Of course, the ultimate irony is that with DVR’s, even though the show will be live, most people will still see it on tape.

30 comments:

Greg Ehrbar said...

What ever happened, though, to "live on tape?" Today's sitcoms, reality shows and game shows (few as they are) seem so heavily edited and polished that they lack the spontaneity of shows of the past.

Even when Gleason filmed the "classic 39" Honeymooners, they were still done like plays with no stopping. Even though Desilu pioneered the filmed three-camera show, all the Lucy series were largely done all the way through, where many of today's sitcoms can take five to six hours to shoot.

One of the reasons Dark Shadows has never been the same in series revivals and movies is the charm of the original series live feel (there were few if any edits) and its modest budget (70,000 a week).

Even talk shows seem canned, as performers repeat a cute story they already told the talent coordinator (or worse, another talk show host) and some used prepared material, skillful as their delivery may be).

I've noticed that the broadcast of SNL can differ slightly from the rerun -- not that they take out the really noticeable mistakes because viewers love them, but they have changed small line errors here and there.

It might be nice to see the live feel return, at least to a degree. There seems to be a belief that audiences won't forgive mistakes when in reality, errors can by endearing. Just ask the fans of Jonathan Frid.

5w30 said...

That's a great idea. TV geeks like it as it harkens back to the 1950's, when some of the greatest television was done live. But think of it as a sports event. No retakes on that A-Rod home run ...

Jaime J. Weinman said...

I think the point of the pitch may be just that network executives have become so bored with three-camera studio-audience sitcoms that writers need to find some gimmick to pitch the show as a "re-invention" of the format.

I think there are advantages to the live format, mostly the look of it - I think the live video look is more suitable to a lot of comedy than the HD film-like look that most multi-cam sitcoms use today. But I mostly think Fox executives just aren't going to order a multi-cam unless they are convinced it's somehow "edgy" and "new," and one way of convincing them of that is to pitch it as the first of its kind in decades.

Rick said...

Unless they do ANOTHER live performance for the Pacific Time Zone, it won't be live on the west coast anyway...

Terrence Moss said...

I would love for there to be more live TV outside of sports and awards shows.

Even if I'm not watching it live, the live feel with the potential for mistakes is exciting.

As Greg said, audiences can be very forgiving. I look for mistakes and flubs -- not to poke fun, but to feel like I as a viewer am part of something slightly unpolished. It adds to the fun. I love when Bill Hader cracks up as Stefon on SNL.

Even the "live to tape" has come to rely on retakes, pickups and fixing it in post way too much. There's no spontaneity. It's too polished. And while it saves some less-than-talented "actors", it inhibits others who could benefit from the freedom to experiment and riff and ramble.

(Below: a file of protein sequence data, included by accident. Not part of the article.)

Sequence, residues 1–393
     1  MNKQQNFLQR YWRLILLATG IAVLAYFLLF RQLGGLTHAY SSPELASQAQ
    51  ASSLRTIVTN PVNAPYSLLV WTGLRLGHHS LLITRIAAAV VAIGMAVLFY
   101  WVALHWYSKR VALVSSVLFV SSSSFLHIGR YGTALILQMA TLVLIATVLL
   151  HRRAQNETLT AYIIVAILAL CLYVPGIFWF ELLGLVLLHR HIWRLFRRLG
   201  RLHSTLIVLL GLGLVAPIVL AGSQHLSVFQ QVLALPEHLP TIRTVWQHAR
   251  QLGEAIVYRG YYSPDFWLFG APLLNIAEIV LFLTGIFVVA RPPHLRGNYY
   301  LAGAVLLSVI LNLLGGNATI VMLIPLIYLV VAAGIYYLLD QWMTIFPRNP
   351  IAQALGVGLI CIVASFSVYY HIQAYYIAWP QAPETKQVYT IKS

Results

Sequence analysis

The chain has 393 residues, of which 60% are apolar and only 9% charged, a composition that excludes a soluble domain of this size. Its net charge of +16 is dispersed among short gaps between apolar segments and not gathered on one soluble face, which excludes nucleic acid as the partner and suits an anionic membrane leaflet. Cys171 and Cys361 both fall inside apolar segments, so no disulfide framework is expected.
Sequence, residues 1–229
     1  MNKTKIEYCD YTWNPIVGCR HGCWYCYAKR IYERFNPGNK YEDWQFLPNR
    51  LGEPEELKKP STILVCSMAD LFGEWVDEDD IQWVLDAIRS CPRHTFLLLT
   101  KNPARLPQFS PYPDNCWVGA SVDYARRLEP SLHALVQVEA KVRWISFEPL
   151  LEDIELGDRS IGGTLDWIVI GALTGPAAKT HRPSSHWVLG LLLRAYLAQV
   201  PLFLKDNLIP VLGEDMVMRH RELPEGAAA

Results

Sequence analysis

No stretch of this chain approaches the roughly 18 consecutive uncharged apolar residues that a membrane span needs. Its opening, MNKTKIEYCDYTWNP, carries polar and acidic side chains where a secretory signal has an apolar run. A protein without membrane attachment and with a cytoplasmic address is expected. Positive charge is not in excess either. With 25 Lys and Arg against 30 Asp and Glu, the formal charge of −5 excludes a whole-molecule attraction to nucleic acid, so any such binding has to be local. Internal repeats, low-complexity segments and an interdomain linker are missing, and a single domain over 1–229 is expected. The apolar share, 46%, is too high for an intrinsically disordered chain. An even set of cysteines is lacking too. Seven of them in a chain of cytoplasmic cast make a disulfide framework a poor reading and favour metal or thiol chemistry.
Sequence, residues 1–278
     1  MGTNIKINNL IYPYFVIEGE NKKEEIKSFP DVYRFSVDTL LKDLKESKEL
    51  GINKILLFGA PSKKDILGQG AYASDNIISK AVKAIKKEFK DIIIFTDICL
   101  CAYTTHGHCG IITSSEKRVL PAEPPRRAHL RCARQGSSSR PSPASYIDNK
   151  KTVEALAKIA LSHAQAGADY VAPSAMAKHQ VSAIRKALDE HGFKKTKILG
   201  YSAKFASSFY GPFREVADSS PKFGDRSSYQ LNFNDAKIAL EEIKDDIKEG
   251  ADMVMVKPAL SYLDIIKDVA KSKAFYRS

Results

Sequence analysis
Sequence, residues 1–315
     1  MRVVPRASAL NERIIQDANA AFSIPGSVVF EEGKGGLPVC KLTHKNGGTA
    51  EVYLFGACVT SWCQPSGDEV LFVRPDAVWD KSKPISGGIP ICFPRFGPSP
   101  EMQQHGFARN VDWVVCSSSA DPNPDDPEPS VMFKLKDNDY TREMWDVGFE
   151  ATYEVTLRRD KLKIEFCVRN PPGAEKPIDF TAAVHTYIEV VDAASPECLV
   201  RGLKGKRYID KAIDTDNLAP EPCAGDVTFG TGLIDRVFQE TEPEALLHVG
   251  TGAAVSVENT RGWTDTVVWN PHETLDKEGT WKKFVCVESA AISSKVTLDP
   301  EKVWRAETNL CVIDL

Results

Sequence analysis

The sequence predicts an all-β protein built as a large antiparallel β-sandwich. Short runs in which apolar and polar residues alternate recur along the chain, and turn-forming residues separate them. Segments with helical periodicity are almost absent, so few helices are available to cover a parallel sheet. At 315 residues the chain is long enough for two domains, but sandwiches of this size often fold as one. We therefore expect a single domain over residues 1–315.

"The Carol Burnett Show" is a perfect example of this. Harvey Korman would break up at the slightest thing Tim Conway did and they kept it in. There was an earthquake during one filming. Carol Burnett ad-libbed and they kept it in. It kept the show light and fun.

That's a lot of what's missing in TV. They Old Pantheon looked like they were enjoying themselves. They were all brilliantly talented and supportive of each other.

We don't have that now. And it's a shame.

Terrence Moss said...

And if network executives call themselves bored with three-camera studio audience sitcoms, then they have no credibility with me.

It's not the format. It's the development and the writing. Some of TV's greatest sitcoms were filmed in front of a live audience.

The problem is that a lot of sitcoms are more about gags, plots and one-liners than character, story and situational humor.

So if network executives are bored with the format, it's because they killed it with developmental laziness and a focus on being "edgy" and "new" instead of being "good".

DyHrdMET said...

thank you Ken, I am a Mets fan...

Nat Gertler (Sitcom Room alum) said...

I think they're missing one good way to make and keep this profitable: do it in Vegas.

It seems to me that a casino would love to have a nationally-publicized show that they could have, say, five performances during the week (three rehearsals-with-audience, the east coast time zone performance, the west coast time zone performance.) They love short shows that get people back out to the gaming floor quickly, and a half-hour sitcom, even with warm-up, can turn people around in under an hour. They could probably pick up a lot of the production costs.

HL Mencken said...

I think you meant "principals." there are no principles in show business.

ScottyB said...

@TerrenceMoss made a great point about 'The Carol Burnettt Show' (even tho it wasn't technically broadcast live) leaving in the flubs and unexpected moments, which often made a sketch funnier and more "real" to us watching at home. Not because someone flubbed a line or broke up over something, but at how amazing these talents were at running with it. For me, that's the *real* magic, and boyoboy, Korman and Conway in a sketch together could be magicians.